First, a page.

I’m on a school-to-school book tour of The Beast of Kukuyo, coordinated by Bocas Lit Fest and the Ministry of Education. St. Augustine Secondary’s librarian has rallied an entire discussion circle about the book.
The energy is real and the feelings of validation is incredible. Not too long after, a denominational school bans the book.
An agent at a major New York literary agency has read “The Repenters”. He is extremely impressed and expresses willingness to sign me, but doesn’t sign any clients without a completed manuscript. When he messages, I’m very far from completing an unpublished manuscript.
Turkish Republic of Northern Cyprus. I sit with the writer Sarah Hall in a cafe, who offers to put up my name for Wylie Agency.
We converse at moderate length about the many ups and downs of this ‘business’ aspect of writing, sales expectations, agents who’ll cast you aside for their bigger clients, and the fact that you need to cast all those fears aside to produce your best work. Concentrate on writing a good story, above all things, above all fears.
An agent, Chris Wellbelove, from Aitken Alexander Agency signs me, even though I have no completed manuscript. I assume it’s because I’d had two books with smaller presses already.
He’s contacted me after my 2018 Commonwealth Short Story Prize win, thanks to a tip-off from Marina Salandy-Browne from Bocas. I tell him I’m halfway through a novel, even though I’ve barely begun. For the rest of 2018, I hurriedly try to complete the novel.
I’m reading a short story at the arcade outside NALIS, during Bocas. Marina Salandy-Browne is in attendance and commends the readings.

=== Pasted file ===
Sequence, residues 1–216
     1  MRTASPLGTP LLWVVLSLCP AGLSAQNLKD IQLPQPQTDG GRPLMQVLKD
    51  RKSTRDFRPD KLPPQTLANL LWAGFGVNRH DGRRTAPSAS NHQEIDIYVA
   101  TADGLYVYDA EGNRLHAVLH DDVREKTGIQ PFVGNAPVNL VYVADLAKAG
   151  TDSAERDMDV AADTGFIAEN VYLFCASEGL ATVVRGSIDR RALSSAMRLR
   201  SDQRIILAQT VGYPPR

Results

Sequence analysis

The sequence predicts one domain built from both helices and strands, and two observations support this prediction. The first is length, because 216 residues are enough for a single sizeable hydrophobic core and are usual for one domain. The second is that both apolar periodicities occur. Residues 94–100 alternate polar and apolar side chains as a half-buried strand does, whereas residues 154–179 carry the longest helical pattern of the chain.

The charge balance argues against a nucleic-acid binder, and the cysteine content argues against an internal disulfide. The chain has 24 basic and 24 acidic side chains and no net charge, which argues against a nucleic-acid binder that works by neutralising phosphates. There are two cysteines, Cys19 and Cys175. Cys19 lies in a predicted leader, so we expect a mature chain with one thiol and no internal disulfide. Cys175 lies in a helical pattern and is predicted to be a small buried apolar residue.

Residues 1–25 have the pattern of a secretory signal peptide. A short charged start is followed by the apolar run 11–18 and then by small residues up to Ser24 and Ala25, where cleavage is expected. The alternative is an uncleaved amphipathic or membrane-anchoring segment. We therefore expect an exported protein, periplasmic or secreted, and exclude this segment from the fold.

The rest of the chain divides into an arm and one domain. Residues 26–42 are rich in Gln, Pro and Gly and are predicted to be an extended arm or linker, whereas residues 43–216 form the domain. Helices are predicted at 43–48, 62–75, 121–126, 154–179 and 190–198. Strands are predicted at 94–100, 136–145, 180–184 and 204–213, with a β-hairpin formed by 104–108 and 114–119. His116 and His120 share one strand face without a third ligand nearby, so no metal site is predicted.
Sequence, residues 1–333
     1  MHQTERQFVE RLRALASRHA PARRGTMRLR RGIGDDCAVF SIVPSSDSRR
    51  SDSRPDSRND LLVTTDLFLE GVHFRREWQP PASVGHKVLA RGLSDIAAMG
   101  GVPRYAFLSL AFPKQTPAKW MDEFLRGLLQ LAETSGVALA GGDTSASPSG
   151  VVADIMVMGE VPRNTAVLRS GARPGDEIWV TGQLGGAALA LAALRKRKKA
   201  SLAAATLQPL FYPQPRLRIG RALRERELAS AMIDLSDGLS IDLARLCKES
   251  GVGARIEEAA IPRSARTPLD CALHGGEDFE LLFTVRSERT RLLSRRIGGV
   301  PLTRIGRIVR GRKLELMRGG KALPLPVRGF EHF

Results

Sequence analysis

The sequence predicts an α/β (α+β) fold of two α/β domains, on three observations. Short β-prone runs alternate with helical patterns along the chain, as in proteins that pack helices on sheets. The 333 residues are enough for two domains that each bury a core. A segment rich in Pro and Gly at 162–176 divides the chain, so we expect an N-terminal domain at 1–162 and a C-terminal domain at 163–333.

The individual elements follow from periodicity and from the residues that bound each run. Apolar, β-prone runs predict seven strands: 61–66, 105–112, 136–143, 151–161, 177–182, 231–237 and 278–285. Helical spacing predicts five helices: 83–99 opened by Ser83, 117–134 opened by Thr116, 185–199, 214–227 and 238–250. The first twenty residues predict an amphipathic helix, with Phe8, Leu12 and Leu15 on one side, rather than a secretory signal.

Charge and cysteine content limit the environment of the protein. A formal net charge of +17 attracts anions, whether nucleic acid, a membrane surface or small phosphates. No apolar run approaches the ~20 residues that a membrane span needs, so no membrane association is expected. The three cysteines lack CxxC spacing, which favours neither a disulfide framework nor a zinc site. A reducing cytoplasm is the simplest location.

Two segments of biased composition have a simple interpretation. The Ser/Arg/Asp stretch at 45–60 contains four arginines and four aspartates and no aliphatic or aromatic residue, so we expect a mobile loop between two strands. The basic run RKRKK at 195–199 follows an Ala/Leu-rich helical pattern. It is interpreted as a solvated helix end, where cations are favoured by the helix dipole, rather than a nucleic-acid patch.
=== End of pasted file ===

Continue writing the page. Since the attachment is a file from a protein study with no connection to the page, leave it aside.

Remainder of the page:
I abort the novel, scrap every single damned word and decide to restart. Imposter syndrome takes over big-time. What am I doing? What am I really doing here?
I’m one of two Trinidadian Literature representatives for CARIFESTA XIII in Bridgetown, Barbados, one of the worst experiences I’ll have on this journey.
There is no forum for me to read, so I’m told to read to passers-by at an intersection of the Grand Market. A jazz band would play to an audience of one later that day, and a play troupe will put on a performance for the security personnel.
What am I doing? What am I really doing here?
Commonwealth Writers is about to launch a new platform called adda, which will serve as a collection of fiction and non-fiction for writers from all the various regions. They commission me to do one of the first pieces – something, anything on Trinidad, and I’m assigned an editor, Sunila Galapatti.
On a whim, I decide to do something non-fiction on La Paille Village, Caroni. I interview my grandfather and a village elder, and obtain information from my own parents and my in-laws. Angelo Bissessarsingh agrees to help me when I tell him about it. It is exhilarating to do the research. I write a piece called “Children of Straw”, which is well-received.
University of London and Peekash Press are doing an anthology called “We Mark Your Memory”. I fictionalize my piece to adda as my submission. It’s accepted, with a very nice note from the editor, David Dabydeen.
We Mark Your Memory is launching in Guyana. None of the Guyanese contributors of the anthology live in Guyana, so Trinidadians will have to suffice. Gabrielle Hosein and I do readings at Moray House in Georgetown.
I’m only there for one night. I leave work to go directly to the airport. I become a fan of the Guyanese overnight, except for the one customs officer who took a smoke break in the middle of processing arrivals. The flight is in the morning and I’m back to my day-job by lunchtime.
Kevin Jared Hosein is an author and science teacher born and raised in Chaguanas, Trinidad and Tobago. He is a two-time winner of the Commonwealth Short Story Prize for the Caribbean region.
He has published three books: The Beast of Kukuyo (Burt Award for Caribbean Literature), The Repenters (longlisted for the International Dublin Literary Prize and OCM Bocas Prize) and Littletown Secrets. His writings have been published in numerous anthologies and outlets including Lightspeed Magazine and Commonwealth Writers